Good360's "DisasterRecovery360" App Wins $850,000 Verizon Grant

Source: The Washington Post

Here’s a statistic that will make your eyes pop out: Sixty percent of items donated during disasters wind up in landfills. Sixty. 6-0. Items flood in during the first days or weeks after a tornado, or flood, or earthquake, but may not be appropriate or aren’t needed until months later, when the news media have moved on but the victims remain. The glut of unusable or inappropriate donations is often called “a second-tier disaster” which takes up rescue workers’ time as they sort and discard.

An organization in Alexandria called Good360, launched in 1983 as “Gifts in Kind,” has become a worldwide leader in helping organize disaster relief as well as connecting corporations with charities in non-disaster times. Good360 has distributed more than $7 billion in product donations since its founding and is consistently ranked among the top 10 most efficient charities by Forbes magazine, with its operating costs less than 1.8 percent of the value of donations. Its current board chair, Carly Fiorina, who knows a little something about corporations and technology, called Good360 “the biggest nonprofit no one’s ever heard of.”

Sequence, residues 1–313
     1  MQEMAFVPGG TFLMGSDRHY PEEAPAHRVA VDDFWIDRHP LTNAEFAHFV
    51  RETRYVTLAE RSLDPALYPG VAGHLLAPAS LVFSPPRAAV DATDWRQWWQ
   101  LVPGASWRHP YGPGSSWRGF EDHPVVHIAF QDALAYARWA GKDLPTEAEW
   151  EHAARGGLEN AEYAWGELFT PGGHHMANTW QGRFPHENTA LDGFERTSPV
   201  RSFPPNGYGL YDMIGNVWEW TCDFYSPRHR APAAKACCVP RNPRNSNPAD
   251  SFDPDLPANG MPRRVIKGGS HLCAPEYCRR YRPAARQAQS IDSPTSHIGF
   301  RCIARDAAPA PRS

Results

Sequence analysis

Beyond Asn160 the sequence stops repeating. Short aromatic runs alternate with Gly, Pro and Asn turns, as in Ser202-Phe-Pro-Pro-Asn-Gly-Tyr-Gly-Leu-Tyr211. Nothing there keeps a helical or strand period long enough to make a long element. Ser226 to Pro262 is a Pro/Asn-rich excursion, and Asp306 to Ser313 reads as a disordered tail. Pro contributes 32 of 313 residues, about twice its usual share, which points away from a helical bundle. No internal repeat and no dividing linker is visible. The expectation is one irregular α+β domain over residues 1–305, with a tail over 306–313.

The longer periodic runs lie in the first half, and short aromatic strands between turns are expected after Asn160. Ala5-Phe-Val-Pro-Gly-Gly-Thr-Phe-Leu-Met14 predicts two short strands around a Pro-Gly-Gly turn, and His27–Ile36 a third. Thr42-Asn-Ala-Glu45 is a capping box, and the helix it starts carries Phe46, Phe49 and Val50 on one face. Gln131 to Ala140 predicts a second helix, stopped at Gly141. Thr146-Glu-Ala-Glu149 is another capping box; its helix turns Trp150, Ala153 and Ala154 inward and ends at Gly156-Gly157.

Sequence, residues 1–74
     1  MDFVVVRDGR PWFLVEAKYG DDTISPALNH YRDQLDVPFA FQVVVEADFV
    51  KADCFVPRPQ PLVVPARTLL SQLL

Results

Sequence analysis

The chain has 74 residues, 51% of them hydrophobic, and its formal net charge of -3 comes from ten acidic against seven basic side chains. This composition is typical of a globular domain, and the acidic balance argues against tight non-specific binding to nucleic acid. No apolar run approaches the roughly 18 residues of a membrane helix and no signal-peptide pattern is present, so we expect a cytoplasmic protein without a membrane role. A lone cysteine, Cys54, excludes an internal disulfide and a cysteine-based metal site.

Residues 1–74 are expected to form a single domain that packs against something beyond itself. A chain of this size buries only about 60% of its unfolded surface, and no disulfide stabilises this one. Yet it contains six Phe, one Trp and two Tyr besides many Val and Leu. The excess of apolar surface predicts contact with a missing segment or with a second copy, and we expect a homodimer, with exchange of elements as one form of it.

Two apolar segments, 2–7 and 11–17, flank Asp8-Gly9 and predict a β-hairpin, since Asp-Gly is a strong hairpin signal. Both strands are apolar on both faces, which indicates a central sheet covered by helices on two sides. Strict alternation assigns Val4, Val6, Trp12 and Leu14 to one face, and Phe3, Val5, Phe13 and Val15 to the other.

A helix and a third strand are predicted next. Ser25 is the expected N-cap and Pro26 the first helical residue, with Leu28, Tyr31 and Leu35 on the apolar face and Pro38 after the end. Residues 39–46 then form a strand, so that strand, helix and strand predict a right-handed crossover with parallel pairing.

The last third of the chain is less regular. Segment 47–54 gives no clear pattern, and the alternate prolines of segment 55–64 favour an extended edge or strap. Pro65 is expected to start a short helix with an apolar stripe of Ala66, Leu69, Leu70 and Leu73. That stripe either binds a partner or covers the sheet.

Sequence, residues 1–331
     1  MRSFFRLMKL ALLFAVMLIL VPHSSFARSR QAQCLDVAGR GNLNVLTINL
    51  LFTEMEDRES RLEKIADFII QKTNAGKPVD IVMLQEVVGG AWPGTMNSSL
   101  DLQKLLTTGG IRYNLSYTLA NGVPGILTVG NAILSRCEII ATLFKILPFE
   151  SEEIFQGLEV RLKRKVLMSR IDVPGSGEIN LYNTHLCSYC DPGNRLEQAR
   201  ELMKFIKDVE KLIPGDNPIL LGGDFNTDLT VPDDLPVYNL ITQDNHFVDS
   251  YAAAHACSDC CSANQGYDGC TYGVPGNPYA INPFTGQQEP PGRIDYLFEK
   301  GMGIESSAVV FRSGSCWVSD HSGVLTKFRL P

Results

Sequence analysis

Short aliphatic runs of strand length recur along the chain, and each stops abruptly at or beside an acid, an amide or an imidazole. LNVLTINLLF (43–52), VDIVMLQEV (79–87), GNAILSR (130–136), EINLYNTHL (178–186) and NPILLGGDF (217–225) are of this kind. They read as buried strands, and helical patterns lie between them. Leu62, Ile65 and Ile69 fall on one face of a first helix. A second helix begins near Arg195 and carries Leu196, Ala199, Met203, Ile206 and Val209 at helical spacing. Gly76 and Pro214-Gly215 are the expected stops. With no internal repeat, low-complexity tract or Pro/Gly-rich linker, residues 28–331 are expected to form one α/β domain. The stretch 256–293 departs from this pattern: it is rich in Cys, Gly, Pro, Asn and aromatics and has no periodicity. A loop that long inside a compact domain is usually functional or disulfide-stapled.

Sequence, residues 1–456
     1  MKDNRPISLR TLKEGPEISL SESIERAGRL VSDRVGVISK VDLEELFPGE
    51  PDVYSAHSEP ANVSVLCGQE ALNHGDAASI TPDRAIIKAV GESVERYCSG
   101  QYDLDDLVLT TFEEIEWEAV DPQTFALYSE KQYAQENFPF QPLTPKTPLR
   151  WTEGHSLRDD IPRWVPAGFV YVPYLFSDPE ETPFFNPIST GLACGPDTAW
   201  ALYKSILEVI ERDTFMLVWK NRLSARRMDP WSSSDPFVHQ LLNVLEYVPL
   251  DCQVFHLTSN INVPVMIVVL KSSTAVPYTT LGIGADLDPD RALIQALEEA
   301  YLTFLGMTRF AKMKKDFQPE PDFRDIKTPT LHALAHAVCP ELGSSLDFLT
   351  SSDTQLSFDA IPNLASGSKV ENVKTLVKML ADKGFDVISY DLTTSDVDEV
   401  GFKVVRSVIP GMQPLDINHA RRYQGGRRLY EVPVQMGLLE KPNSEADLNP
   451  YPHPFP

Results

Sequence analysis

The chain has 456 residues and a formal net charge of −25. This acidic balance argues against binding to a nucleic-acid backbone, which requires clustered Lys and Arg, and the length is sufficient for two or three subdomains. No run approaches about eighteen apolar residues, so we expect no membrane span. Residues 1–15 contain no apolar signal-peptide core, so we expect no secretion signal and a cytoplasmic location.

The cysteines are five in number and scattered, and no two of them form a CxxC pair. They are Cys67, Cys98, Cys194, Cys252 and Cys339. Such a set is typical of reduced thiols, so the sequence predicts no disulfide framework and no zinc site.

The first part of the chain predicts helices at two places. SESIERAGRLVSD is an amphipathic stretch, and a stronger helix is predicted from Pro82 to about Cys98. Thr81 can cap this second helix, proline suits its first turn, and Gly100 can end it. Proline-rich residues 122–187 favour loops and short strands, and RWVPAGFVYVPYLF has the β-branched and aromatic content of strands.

Now, Good360′s attempts to broaden its ability to work in emergencies has gotten a huge boost: In a national competition sponsored by Verizon, Good360′s “DisasterRecovery360″ online portal won second place and an $850,000 grant which will help Good360 develop the app, and enable disaster responders to pick or request specific items needed immediately, rather than deal with truckloads of unwanted clothes or unneeded food.

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